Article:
936 Pennies: Discovering the Joy of Intentional Parenting (a book review)

When you start a new book, it’s a risky relationship. I hesitantly turn the first couple pages as I decide if this is my new best friend or if I’m going to hurry through it just to mark it off my list.  Well 936 Pennies: Discovering the Joy of Intentional Parenting is my new best, best, best friend!

Look at that!  See all the dog-eared pages?  (PS. why is it called dog-eared?) There were literally tons of quotes and thoughts I wanted to remember and be able to come back to.  As I read through the pages, I got so excited about this vision of intentional parenting and really…intentional living. Parts of it I read aloud to my husband or simply gave him my summary of it.

Eryn Lynum writes 42 mini chapters revolving around a life event that showed her an eternal principle. She discusses topics such as spending time in nature, dealing with anger, having a house filled with laughter, helping kiddos learn to entertain themselves, setting boundaries between work time and play time, being mindful of what our kids observe us holding the most (our phone, a book or their hand), investing in a child’s dreams/interests, building memories, and many other topics.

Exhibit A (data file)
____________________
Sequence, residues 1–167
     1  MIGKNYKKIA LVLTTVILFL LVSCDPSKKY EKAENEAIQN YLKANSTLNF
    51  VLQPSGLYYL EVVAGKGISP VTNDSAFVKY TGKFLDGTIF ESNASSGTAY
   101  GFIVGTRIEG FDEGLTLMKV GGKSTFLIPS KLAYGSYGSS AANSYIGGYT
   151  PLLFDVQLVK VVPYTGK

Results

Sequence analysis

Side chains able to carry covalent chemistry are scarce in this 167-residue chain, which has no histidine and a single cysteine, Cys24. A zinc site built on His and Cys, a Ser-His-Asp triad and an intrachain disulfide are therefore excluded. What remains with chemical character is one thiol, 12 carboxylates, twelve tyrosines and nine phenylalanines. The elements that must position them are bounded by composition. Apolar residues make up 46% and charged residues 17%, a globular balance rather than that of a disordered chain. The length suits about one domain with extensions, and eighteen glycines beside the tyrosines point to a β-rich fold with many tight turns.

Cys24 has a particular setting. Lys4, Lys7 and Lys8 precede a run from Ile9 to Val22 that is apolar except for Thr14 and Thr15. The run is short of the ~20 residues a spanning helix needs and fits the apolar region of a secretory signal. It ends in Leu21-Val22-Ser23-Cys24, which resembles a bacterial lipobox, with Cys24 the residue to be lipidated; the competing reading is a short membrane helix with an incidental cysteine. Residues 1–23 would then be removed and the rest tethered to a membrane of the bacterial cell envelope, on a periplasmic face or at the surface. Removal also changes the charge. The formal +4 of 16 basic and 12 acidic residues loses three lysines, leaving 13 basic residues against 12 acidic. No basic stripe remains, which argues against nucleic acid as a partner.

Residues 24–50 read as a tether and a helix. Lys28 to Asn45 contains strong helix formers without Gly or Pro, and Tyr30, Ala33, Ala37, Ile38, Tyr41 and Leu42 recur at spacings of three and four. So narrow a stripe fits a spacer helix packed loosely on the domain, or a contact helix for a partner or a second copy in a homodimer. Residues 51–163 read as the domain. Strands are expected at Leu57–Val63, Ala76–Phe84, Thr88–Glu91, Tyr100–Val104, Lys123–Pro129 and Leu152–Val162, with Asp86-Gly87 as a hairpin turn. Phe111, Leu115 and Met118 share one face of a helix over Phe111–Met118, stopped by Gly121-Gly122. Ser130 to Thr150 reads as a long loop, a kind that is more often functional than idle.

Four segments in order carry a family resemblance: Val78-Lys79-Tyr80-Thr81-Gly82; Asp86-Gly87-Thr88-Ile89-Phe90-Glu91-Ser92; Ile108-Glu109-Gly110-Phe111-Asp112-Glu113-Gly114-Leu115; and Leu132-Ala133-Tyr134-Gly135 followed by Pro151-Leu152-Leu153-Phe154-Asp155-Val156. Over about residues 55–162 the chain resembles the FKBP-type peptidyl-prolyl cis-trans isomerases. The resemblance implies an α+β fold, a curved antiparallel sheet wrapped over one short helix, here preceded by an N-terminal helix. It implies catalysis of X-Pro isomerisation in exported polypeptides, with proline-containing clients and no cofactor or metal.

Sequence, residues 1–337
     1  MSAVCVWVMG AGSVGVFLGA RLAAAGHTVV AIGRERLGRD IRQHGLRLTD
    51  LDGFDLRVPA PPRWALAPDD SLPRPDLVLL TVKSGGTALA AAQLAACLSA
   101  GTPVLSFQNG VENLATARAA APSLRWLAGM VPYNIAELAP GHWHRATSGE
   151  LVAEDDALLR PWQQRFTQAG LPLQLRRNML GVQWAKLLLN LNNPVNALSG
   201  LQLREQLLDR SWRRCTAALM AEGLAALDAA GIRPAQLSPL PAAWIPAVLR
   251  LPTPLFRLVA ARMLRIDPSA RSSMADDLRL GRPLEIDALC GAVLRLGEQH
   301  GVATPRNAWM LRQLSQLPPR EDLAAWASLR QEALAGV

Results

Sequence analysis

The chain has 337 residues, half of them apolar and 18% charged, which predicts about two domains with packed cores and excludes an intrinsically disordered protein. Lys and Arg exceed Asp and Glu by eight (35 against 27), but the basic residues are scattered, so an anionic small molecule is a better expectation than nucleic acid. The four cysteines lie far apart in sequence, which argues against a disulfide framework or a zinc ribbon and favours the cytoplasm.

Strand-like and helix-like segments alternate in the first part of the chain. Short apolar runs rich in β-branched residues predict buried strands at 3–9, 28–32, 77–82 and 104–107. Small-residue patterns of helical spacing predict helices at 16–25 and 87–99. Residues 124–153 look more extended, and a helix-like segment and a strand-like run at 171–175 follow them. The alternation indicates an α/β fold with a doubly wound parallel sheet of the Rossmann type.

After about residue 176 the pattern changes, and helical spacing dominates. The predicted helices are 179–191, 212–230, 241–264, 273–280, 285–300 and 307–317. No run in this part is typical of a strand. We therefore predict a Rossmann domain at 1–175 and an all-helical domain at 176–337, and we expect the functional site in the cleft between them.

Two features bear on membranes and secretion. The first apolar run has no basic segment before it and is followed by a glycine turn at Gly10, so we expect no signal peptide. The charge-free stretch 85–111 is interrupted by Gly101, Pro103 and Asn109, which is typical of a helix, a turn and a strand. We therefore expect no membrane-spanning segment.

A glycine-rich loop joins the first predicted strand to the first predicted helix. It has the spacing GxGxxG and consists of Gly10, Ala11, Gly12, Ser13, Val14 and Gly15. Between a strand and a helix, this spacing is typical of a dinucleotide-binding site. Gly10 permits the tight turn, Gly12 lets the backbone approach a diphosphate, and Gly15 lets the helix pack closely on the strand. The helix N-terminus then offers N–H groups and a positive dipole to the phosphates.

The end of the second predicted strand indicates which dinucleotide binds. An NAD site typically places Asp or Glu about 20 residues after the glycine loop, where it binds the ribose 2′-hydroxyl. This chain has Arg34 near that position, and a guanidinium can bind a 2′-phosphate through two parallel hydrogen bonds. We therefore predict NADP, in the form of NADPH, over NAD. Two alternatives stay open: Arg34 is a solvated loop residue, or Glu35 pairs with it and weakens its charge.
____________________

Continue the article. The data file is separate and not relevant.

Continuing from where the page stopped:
The premise of the book is that with each child we are (ideally) given 936 weeks from birth to age 18, and our question is: “How will we spend them?”  I say ‘ideally’ as time is never guaranteed to us.  Some may only have one penny or 237 with which to invest. The author was given a jar of 936 pennies at her son’s dedication, which started her journey of being intentional as she transferred a penny each week from the future jar to the ‘time spent’ jar.

I love her perspective at the beginning of the book.